Saturday, April 14, 2007

A Memorable Birthday: Leonhard Euler Turns 300 Today.

Today is the 300th birthday of Leonard Euler, a supernova of a mathematician. He's universally regarded as the greatest mathematician of the 18th century, and by some as the greatest mathematician of all time.

Wikipedia has a fairly good biography of Euler, and his contributions to mathematics, so I need not add much detail.

A few pieces of trivia offer an idea of his accomplishments: Euler

  • studied and taught at the Courts of Catherine the Great and Frederick the Great
  • graduated from university at the age of 16
  • fathered 13 children, of whom 5 lived to become adults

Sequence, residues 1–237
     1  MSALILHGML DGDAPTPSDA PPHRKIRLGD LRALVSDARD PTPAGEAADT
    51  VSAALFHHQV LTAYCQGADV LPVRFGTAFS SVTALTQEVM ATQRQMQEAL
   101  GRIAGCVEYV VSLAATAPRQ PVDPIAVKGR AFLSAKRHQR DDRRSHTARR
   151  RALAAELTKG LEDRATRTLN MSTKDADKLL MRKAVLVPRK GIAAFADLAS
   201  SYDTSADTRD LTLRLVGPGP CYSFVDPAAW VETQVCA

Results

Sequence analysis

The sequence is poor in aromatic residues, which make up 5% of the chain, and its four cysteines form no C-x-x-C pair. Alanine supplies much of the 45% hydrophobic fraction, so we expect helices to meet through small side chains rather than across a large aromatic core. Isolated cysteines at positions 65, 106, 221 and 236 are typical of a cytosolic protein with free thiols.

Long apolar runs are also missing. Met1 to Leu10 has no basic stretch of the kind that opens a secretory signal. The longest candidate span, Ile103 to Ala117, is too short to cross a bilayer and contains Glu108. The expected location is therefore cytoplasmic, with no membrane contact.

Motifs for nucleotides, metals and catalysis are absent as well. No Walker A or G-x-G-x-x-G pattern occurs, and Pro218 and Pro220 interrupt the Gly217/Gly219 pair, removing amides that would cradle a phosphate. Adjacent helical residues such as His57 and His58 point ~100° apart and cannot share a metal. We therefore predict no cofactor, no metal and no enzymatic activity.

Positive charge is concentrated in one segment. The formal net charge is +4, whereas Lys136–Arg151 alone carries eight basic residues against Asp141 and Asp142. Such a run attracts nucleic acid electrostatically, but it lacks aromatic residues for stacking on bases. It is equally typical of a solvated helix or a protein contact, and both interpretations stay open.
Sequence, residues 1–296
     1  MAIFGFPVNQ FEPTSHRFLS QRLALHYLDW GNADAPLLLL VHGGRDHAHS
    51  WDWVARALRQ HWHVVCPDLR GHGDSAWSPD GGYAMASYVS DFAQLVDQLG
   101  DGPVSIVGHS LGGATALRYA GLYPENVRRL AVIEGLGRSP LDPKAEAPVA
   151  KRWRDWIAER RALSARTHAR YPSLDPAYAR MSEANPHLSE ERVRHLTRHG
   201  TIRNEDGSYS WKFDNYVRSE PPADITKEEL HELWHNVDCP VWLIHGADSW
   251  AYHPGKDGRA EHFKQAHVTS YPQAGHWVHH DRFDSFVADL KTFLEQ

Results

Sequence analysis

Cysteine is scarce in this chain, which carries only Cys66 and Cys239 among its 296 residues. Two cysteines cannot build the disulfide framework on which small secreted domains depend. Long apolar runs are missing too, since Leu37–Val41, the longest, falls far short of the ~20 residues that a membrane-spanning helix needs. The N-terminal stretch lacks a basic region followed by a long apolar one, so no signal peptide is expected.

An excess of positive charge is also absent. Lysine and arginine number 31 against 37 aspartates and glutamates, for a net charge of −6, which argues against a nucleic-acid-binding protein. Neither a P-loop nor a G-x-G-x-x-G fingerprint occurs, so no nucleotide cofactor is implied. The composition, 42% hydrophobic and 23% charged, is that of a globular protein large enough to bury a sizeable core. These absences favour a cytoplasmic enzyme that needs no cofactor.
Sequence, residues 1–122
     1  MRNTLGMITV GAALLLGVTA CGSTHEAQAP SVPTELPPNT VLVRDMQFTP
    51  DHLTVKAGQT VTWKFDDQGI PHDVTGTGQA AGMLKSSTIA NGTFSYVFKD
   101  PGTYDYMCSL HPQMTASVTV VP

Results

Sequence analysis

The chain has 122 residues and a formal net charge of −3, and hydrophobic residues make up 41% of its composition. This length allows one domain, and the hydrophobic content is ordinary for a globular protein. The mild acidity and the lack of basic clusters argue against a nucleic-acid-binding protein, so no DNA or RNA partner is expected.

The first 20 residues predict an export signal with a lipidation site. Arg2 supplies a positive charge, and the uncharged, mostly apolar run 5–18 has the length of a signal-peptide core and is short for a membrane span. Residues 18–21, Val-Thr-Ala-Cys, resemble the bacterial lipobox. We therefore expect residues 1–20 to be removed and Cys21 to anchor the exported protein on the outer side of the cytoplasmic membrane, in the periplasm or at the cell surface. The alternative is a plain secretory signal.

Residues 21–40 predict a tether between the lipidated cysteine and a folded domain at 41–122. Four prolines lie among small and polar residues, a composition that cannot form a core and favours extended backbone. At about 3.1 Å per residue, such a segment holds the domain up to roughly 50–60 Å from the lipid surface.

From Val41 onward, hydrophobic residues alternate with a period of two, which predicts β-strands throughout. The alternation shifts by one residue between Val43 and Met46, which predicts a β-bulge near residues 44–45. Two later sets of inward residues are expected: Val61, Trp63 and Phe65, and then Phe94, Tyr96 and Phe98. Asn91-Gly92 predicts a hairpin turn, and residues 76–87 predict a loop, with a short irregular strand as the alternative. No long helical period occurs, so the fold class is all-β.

• knew the entire Aeneid by heart, including the page numbers of each line
  • could do math in his head that most accomplished mathematicians couldn't do on paper
  • knew Voltaire, disapproved of the philosophe, but liked to debate with him. On one occasion, Diderot allegedly gave a long-winded speech in which he claimed to prove the inexistence of God. At the end of the speech, Euler, a pastor's son, and a man thoroughly conventional in his politics and religion, went up to the blackboard, and wrote e^(i*(pi)(=-1, ergo God exists. Whichever pretentious French philosophe it was, realized that he had no hope of understanding this discovery of Euler's, much less debating Euler on it, so that was the end of the discussion.
Physicists and mathematicians sometimes joke that, in order to avoid naming everything after Euler, discoveries or theorems are named after the "first person after Euler to discover it".

De Condorceret described Euler's death with the following words: "He ceased to calculate and to live."

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